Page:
In Alabama’s spring game, the defense, led by Will Anderson, destroyed the offensive line, giving Heisman winner Bryce Young no time to operate. How concerned are you about Bama’s OL? Or is the Bama defense just that good?

Ken, New York

I have far more concerns about Alabama’s opponents than I do Alabama.

We saw Kansas basketball win a national championship a couple of weeks ago. Is Kansas football ever going to be good? Is there hope on the horizon?

Frank R.

There is. In fact, as of this exact moment I’m the most optimistic I’ve been about Kansas football in a decade. Why? They hired a legitimately good coach.

Think about the previous coaches Kansas hired post-Mark Mangino. First, it was Turner Gill, who had one winning season in four years at Buffalo. Mind you, I thought he’d do well. Buffalo had been absolutely terrible prior to his arrival, and he led the Bulls to a surprise MAC championship. But in hindsight, it was a fairly limited resume.

From there: Charlie Weis (disaster from a mile away), David Beaty (cheap and underqualified) and Les Miles (by then a football dinosaur). Just complete administrative incompetence spanning three different athletic directors.

But lo and behold, despite the job not coming open until the spring, and despite Kansas first having to hire a new AD, Travis Goff, before he could then go hire a new football coach, Goff landed Lance Leipold, a guy I’d ranked among my top 25 coaches barely a month before. Leipold is more than proven, having won six national championships at Division III Wisconsin-Whitewater and taken Buffalo to a 10-win season and three consecutive bowls. His first Kansas team finished 2-10, but the Jayhawks got better down the stretch, memorably beating Texas and taking TCU and West Virginia to the wire. And that was all before signing a single recruit.

Leipold has still got a massive rebuilding challenge on his hands, but history tells us a good coach can be successful just about anywhere. You heard it here first: Leipold will get Kansas to a bowl game within the next two seasons.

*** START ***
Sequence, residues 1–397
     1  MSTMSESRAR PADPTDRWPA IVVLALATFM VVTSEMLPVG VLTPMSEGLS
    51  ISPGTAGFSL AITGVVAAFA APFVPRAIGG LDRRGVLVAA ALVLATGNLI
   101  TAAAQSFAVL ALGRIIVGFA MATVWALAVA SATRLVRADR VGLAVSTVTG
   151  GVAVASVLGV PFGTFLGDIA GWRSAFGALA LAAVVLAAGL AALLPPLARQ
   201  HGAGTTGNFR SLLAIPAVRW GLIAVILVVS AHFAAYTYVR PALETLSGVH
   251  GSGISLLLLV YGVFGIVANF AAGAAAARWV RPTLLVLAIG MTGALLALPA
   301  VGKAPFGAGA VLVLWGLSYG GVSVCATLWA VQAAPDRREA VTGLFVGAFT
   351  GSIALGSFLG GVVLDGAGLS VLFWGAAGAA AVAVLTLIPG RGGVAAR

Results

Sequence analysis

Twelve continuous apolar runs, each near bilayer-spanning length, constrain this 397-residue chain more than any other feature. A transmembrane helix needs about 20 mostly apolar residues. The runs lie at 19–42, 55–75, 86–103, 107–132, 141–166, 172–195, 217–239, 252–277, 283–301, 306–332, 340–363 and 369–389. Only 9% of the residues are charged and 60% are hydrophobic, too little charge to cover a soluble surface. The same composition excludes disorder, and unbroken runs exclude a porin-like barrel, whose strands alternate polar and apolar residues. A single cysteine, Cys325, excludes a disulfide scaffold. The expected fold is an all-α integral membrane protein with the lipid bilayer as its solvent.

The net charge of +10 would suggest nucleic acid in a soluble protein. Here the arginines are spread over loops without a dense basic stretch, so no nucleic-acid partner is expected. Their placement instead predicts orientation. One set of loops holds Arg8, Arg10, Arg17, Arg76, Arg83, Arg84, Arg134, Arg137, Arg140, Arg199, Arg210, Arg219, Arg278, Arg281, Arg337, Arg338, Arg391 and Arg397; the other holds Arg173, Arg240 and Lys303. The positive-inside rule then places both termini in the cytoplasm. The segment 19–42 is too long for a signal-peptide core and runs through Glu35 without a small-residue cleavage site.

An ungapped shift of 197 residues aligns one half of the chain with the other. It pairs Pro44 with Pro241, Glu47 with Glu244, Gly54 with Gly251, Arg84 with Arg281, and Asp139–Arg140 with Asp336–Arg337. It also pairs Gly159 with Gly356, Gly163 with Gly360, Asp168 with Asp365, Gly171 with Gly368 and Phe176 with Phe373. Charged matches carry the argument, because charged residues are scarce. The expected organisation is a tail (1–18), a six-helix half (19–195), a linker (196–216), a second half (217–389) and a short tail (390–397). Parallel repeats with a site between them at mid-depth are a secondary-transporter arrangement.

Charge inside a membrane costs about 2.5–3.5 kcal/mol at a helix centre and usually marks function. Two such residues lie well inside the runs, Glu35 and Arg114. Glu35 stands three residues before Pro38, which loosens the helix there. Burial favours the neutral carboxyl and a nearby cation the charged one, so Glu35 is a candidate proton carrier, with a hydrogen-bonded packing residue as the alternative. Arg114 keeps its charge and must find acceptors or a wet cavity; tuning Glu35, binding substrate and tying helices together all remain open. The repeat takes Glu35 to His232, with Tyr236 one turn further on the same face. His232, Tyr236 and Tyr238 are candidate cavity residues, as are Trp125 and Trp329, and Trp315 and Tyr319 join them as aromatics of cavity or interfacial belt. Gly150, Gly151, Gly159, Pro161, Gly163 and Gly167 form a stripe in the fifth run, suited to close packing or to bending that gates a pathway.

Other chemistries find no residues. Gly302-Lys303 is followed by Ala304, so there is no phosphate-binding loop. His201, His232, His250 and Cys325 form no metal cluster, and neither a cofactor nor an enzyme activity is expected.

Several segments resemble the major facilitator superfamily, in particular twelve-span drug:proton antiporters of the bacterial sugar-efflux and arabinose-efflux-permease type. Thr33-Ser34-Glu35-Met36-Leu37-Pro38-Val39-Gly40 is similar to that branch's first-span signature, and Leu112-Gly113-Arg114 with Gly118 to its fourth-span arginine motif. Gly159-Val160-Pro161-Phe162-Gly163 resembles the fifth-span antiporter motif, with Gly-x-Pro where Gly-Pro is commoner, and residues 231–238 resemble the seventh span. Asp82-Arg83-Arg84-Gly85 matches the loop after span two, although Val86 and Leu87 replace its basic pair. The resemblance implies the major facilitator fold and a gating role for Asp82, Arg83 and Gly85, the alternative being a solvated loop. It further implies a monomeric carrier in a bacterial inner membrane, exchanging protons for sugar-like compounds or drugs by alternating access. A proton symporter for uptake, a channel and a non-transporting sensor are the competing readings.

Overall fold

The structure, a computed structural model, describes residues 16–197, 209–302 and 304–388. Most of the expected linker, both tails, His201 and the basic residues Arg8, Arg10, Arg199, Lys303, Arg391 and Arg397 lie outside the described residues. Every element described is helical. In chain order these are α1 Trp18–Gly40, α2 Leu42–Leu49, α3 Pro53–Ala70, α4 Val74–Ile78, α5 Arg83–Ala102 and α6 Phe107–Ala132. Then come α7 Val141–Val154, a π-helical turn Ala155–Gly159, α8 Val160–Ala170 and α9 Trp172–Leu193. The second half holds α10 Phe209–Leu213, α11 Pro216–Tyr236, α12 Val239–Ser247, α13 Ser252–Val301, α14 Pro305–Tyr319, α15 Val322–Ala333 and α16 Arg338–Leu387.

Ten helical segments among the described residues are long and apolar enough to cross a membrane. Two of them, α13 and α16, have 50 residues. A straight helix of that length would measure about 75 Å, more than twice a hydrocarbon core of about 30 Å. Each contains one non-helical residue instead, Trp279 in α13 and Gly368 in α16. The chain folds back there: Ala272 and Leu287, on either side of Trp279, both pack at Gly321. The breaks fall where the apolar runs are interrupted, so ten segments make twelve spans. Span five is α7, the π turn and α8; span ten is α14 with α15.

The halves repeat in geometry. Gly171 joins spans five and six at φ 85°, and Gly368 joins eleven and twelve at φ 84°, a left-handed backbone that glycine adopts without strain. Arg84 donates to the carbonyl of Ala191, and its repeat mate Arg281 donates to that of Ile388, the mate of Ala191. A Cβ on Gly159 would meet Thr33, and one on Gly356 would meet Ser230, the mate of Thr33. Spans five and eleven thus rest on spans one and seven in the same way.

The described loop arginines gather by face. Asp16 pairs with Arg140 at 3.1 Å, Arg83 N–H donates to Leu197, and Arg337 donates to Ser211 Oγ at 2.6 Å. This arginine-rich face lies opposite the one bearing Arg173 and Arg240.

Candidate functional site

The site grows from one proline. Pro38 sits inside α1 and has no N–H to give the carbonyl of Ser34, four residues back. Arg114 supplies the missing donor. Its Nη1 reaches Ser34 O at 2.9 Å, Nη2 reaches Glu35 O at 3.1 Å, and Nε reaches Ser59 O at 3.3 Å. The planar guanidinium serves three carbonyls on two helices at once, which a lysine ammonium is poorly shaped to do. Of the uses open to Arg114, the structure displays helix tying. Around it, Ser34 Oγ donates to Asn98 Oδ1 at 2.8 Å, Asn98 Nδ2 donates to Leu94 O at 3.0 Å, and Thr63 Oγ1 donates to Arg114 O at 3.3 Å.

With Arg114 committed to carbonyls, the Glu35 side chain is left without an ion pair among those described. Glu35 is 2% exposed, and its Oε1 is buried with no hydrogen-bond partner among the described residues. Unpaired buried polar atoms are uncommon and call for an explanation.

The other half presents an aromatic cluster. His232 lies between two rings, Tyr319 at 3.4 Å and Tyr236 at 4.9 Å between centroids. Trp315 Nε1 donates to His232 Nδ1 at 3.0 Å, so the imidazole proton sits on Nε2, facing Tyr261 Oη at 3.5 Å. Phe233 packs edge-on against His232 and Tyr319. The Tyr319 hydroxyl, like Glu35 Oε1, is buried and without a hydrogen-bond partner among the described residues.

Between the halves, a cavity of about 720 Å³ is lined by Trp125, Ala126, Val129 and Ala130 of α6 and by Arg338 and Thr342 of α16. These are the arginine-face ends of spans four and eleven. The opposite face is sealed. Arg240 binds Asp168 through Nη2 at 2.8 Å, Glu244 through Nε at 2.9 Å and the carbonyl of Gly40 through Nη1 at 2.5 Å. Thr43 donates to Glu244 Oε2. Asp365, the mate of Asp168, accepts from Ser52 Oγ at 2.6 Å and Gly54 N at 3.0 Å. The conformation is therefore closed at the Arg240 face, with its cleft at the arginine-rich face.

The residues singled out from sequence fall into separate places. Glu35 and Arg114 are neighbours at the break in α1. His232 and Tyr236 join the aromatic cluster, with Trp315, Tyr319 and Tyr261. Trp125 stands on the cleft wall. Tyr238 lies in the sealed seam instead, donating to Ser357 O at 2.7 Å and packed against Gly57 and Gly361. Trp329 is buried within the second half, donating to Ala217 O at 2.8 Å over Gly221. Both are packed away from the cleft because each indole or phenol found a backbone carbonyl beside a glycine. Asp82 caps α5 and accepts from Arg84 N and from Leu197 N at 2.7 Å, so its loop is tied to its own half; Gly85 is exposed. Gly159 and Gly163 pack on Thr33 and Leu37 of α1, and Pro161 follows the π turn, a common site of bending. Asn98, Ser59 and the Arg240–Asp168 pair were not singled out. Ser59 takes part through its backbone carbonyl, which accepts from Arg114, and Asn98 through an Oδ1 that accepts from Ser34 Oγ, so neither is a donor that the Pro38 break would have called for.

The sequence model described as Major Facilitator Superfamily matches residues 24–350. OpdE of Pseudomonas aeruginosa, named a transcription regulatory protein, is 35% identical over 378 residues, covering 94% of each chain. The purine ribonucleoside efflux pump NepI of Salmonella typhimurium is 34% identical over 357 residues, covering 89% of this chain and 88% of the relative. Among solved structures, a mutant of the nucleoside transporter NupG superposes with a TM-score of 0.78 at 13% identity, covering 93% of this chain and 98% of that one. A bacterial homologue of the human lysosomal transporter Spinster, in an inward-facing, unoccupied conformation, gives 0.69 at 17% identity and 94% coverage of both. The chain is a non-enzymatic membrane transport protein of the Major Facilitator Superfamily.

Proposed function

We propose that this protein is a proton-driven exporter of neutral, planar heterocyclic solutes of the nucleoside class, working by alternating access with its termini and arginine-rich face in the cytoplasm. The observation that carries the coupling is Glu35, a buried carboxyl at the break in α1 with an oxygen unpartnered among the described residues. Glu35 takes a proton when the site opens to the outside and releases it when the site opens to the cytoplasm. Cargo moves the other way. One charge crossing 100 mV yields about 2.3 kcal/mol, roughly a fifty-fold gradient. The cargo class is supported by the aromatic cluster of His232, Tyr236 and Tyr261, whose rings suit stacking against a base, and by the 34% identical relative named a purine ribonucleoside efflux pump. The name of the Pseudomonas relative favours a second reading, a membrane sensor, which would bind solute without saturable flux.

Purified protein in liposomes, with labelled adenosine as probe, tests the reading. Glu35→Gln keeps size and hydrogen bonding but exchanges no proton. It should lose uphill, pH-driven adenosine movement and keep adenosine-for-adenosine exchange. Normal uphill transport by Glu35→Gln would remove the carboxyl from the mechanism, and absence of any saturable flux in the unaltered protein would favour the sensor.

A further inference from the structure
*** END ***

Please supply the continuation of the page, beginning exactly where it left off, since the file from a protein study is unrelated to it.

Yes, players got paid before (NIL), but it’s possible to talk a guy out of $50,000 to come to your college. It’s wayyyy more difficult to talk a guy out of $500,000. In the past, donors would help fund improvements for schools to get even; now that money is transitioning to players only and will hurt the university as a whole. It’s sad that things are changing so much for the worse and the sport we love may not even be recognizable even five or six years from now. Where do we go from here to salvage some semblance of the sport we have always loved?

Peyton L., Wichita

I’ve said this before in various forms, but in my experience, when people say “the sport they have always loved,” they’re referring largely to the way college football was when they first fell in love with it. Every major change that comes along, positive or negative, chips away at our romanticized version of it.

If, for example, you started following college football in the 1980s, you’ve experienced every major conference radically changing its membership (and in a couple cases, going extinct); scholarship reductions; going from the old bowl system to the BCS to the CFP; the number of bowls more than doubling; coaches salaries skyrocketing; the near-extinction of the wishbone, the I-formation and huddles; and the rise of the spread, Air Raid and hurry-up offenses.

I hate to break it to you, but this was already very much not “some semblance of the sport you have always loved” long before NIL became a thing. And yet you still watch and enjoy it. So why would we assume that THIS will be the change that brings down the whole enterprise?

Right now, between the one-time transfer exception and the rise of NIL collectives, we’re all experiencing whiplash. Those are two particularly profound changes to have occurred almost simultaneously. And change is always unsettling. I’ve moved houses twice since 2013, and both times it took me months to actually start liking my new place rather than obsessing over everything wrong with it. Kind of like how this new NIL stuff feels very … unfinished, at the moment.

But eventually, my new house felt normal. Eventually, so will this new version of college football. But it may feel very unsettling in the meantime.

(Photo: Alika Jenner / Getty Images)

hopeforharmonie.co.uk | Newsphere by AF themes.